Present Perfect: The Scariest Tense of All!

The present perfect tense puzzles many ESL students. The good news is that the past participle of regular verbs is the same as the simple past. Usually, add an “ed” and you have it. “I’ve walked to school every day this week.” The bad news is that many of the most common verbs in English are irregular. “I’ve spent too much money.”

It’s difficult to know when to use this tense too. Try to remember to use the present perfect in these three instances:

1. When something happened very recently. I’ve lost my keys! Help me find them, please.

2. When something began in the past and is still true. I’ve lived in the U.S. most of my life. (I still live in the U.S.) But remember: If something happened at a particular time in the past and is no longer true, use the simple past. I lived in Japan when I was a child. (I don’t live in Japan now.)

3. When something happened in the past, but the particular time isn’t important. She’s already finished her homework. (Did she finish it last night or last week? It doesn’t matter.) Have you ever been late for work?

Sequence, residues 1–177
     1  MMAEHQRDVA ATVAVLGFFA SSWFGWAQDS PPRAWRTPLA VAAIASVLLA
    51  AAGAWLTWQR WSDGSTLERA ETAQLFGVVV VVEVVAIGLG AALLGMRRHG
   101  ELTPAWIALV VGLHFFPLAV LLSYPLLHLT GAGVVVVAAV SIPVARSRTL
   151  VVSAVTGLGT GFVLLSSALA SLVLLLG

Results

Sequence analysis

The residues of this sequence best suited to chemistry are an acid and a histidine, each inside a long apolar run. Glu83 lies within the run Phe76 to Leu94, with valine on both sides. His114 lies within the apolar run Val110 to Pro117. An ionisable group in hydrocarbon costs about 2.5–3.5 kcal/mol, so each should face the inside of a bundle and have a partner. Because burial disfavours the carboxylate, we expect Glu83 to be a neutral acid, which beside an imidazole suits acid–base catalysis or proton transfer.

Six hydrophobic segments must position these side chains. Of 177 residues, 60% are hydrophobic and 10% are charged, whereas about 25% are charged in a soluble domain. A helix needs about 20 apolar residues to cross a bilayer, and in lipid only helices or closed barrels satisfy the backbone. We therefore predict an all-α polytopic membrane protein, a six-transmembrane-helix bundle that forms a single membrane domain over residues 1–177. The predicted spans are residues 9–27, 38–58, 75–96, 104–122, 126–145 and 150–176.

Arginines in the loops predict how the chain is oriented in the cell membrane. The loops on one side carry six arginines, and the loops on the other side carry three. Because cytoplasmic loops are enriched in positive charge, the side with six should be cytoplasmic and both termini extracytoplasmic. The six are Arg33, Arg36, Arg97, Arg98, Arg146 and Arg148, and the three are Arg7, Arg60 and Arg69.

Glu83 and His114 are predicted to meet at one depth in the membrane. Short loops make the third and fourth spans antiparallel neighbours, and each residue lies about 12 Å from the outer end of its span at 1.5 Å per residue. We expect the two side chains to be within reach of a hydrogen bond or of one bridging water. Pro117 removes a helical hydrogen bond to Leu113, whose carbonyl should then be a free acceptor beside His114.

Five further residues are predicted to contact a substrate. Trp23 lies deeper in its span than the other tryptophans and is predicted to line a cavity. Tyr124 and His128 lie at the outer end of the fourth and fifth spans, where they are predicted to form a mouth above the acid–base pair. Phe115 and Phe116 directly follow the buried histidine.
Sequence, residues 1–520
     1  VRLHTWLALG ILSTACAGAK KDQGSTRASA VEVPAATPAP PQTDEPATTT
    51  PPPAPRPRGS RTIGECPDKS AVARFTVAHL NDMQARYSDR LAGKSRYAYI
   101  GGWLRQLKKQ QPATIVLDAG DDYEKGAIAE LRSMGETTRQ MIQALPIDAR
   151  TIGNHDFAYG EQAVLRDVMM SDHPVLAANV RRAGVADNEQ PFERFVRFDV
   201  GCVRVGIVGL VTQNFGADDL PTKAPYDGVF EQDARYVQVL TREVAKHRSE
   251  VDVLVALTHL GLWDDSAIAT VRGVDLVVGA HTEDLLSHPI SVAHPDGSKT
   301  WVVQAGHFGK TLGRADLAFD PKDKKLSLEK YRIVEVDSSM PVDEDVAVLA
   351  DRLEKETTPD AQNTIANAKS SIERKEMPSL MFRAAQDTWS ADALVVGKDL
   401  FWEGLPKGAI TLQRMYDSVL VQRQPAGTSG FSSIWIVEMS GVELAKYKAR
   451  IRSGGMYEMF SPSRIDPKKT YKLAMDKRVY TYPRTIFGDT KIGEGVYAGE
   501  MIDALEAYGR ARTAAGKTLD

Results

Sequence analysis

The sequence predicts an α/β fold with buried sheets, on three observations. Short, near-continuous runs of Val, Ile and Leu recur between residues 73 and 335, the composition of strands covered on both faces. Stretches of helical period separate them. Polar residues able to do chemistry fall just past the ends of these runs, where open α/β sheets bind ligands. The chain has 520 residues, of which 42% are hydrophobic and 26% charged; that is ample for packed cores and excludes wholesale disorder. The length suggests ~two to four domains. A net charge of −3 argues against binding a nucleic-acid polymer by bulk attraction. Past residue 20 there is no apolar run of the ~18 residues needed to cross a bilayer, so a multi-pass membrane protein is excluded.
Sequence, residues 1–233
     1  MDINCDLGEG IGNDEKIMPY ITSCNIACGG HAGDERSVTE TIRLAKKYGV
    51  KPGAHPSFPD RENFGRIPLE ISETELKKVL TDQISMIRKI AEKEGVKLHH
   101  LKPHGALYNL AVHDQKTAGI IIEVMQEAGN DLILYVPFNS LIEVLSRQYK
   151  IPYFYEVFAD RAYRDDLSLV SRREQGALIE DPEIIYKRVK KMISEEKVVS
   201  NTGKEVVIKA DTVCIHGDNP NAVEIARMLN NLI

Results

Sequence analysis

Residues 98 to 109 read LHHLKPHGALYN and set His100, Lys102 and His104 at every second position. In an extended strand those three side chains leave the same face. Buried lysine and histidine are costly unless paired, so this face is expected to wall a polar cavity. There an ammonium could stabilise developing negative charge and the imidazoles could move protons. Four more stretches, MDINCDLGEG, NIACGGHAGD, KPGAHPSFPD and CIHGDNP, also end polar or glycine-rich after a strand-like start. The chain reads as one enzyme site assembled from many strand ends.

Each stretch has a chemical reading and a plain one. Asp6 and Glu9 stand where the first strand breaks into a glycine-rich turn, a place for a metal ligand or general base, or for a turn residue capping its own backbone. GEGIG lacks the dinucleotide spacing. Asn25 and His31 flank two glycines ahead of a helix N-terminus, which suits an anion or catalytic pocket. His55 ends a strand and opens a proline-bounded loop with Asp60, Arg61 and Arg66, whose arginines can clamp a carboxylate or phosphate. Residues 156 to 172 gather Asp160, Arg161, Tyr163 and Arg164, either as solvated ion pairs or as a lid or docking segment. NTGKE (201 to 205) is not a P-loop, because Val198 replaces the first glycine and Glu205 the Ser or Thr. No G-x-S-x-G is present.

Beware! Even with the words “always” and “never,” use the simple past if something happened at a particular time. For example: I never ate cereal for breakfast when I was a child. My grandmother always made pumpkin pie on Thanksgiving. (Poor Grandmother is dead now.)

Listen to these irregular past participles. You will hear me use the contractions “I’ve,” “they’ve,” “he’s” and “she’s.” Of course, it is correct to say “he has” instead of “he’s,” but the more contractions you use, the more you will sound like a native speaker. And you must be able to understand contractions when you hear them because we use them so often.

past part. BEEN – LENT                        past part. LET – WRITE

*** A perfect tense is a tense that includes some form of “to have” as a helper verb plus the past participle. The present perfect tense includes the present tense of “to have” as the helper verb. In the present perfect tense, the helper verb is either “have” or “has.” It is never “had.” But remember that “had” can also be used as a past participle. For example: I’ve had a bad cold all winter. In this present perfect sentence, the helper verb is “have” and the past participle is “had.”

Here are the irregular verbs included in the audio files used on this blog:

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One thought on “Present Perfect: The Scariest Tense of All!

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